There are odd contortions wherever we turn. Cuts in Germany and France are good news for Osborne. When it was revealed last week that Britain was borrowing less than forecast this was seen as bad news for the Chancellor as he wanted more evidence of crisis in order to justify his revolution. Bad news becomes good. Good news becomes bad.

A coalition embarking on its topsy-turvy revolution does not have a mandate to do so. This is more than a theoretical issue. Sweeping cuts and additional tax increases imposed without a degree of electoral legitimacy are likely to lead to higher levels of unrest. Adding together the support of the Conservatives and the Lib Dems from the last election is not enough. Nor is it adequate for the coalition to offer a consultation with the public now, a move the largely supportive Lord Lawson rightly describes as cosmetic.

I have some sympathy with politicians in relation to calls for pre-election candour. If they are too candid they will lose elections. It is a matter of degree. Probably there was some space in 1997 for Blair and Brown to put the case for immediate increases in public spending given the dire state of hospitals, schools and transport. If they dared to occupy such thorny pre-election terrain they would have had the chance to increase spending more evenly and in less fraught circumstances than those that marked their second term. Similarly if Cameron, Osborne and Clegg want to implement their small state vision so quickly they should have said more in advance, not as much as they are declaring now the election is safely over, but not as little as they did up until 2 May. The voters did not give them the authority to act in this way.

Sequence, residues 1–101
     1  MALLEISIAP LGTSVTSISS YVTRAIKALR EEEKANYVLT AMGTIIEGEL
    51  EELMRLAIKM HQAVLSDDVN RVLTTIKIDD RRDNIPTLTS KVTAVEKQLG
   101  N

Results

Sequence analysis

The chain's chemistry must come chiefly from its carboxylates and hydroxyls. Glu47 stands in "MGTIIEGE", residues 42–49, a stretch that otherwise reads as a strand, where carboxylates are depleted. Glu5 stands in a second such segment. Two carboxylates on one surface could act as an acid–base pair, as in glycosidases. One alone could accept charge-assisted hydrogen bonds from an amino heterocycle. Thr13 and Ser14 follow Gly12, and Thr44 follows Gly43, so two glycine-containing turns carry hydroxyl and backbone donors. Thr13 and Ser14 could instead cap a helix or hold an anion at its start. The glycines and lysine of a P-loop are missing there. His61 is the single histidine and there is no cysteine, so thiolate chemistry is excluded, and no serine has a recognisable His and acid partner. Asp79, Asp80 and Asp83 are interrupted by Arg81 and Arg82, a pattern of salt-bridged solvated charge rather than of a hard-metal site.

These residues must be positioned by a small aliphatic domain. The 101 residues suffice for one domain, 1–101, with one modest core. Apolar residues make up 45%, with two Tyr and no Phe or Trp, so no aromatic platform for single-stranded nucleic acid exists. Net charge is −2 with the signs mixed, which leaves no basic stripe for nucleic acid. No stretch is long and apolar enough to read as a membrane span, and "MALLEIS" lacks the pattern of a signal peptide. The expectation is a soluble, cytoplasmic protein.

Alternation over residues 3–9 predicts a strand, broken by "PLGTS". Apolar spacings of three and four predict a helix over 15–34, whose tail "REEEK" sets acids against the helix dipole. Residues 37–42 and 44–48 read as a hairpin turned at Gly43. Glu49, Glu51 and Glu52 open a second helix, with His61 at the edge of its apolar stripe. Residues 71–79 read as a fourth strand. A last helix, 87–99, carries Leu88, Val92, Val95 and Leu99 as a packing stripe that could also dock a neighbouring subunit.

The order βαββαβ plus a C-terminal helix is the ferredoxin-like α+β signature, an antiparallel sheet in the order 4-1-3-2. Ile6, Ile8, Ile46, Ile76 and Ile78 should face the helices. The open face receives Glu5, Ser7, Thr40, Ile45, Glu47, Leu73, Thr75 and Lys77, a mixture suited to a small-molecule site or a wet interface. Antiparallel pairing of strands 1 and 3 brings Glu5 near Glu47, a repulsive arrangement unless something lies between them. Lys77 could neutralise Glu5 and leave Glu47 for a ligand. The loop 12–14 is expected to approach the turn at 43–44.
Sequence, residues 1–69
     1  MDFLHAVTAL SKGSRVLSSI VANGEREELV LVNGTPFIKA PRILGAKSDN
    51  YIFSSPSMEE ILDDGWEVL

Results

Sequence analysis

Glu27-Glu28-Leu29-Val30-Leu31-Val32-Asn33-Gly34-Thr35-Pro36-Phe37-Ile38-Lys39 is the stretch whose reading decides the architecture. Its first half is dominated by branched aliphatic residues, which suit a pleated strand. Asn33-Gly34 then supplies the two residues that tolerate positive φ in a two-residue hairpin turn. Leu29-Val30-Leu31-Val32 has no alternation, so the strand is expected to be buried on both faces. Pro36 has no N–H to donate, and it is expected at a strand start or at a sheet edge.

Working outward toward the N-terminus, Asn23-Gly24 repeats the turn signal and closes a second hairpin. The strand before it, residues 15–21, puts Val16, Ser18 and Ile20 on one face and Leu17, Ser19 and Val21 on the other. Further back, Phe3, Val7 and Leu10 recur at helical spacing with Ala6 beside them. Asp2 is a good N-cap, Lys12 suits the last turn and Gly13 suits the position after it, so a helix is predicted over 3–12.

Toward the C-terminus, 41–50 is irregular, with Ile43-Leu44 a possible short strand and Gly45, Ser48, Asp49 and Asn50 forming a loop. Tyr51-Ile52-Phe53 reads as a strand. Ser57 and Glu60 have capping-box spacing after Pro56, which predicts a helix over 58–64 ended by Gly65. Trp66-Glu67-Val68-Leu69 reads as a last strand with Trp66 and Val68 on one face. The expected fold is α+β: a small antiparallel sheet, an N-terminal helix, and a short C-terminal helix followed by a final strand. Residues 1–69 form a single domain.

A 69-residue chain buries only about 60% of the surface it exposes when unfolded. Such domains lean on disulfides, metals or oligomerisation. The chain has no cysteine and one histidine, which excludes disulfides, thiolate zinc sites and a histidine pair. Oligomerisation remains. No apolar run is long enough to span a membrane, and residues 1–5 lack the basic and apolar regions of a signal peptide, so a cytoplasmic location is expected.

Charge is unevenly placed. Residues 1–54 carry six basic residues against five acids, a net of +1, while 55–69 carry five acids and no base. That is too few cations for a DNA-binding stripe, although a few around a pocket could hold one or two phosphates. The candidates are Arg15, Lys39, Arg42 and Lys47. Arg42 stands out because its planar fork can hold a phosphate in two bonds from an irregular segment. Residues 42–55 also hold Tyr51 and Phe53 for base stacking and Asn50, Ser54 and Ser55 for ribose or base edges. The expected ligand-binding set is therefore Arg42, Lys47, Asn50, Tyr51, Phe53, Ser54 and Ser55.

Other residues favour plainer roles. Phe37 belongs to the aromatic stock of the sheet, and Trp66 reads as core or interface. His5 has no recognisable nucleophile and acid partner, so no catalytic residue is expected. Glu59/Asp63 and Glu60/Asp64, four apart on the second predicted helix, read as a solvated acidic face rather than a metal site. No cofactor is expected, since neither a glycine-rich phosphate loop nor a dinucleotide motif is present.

The support of some newspapers should not be mistaken for a mandate. A few of them always oppose public spending in general and then scream with anger about the impact of specific cuts. The same applies to opinion polls showing support for "cuts". If voters were asked whether they supported better equipped schools or cheaper train fares they would also say "yes" by a big majority.

I cannot recall an equivalent gap between pre-election statements and post-election implementation. In 1979 Margaret Thatcher was wise enough not to spell out in detail the 1981 Budget, the shrine for monetarists in the current coalition, but she argued openly for a shift from direct to indirect taxation and made clear she would take on the trade unions. Voters knew where they stood when she arrived at No 10. In 1992 John Major was not exactly candid when he promised no new tax rises, but he had some excuse for an imposed change of course after Britain fell out of the ERM. Cameron, Osborne, and Clegg pretend the economic situation is worse than they realised; yet nothing of significance has changed since the election.

Perhaps the coalition needs unexpected "good" news such as an economic humiliation on the scale of the ERM withdrawal. Until then Lib Dem MPs have every right to vote against elements of the Budget. None were elected to vote for them.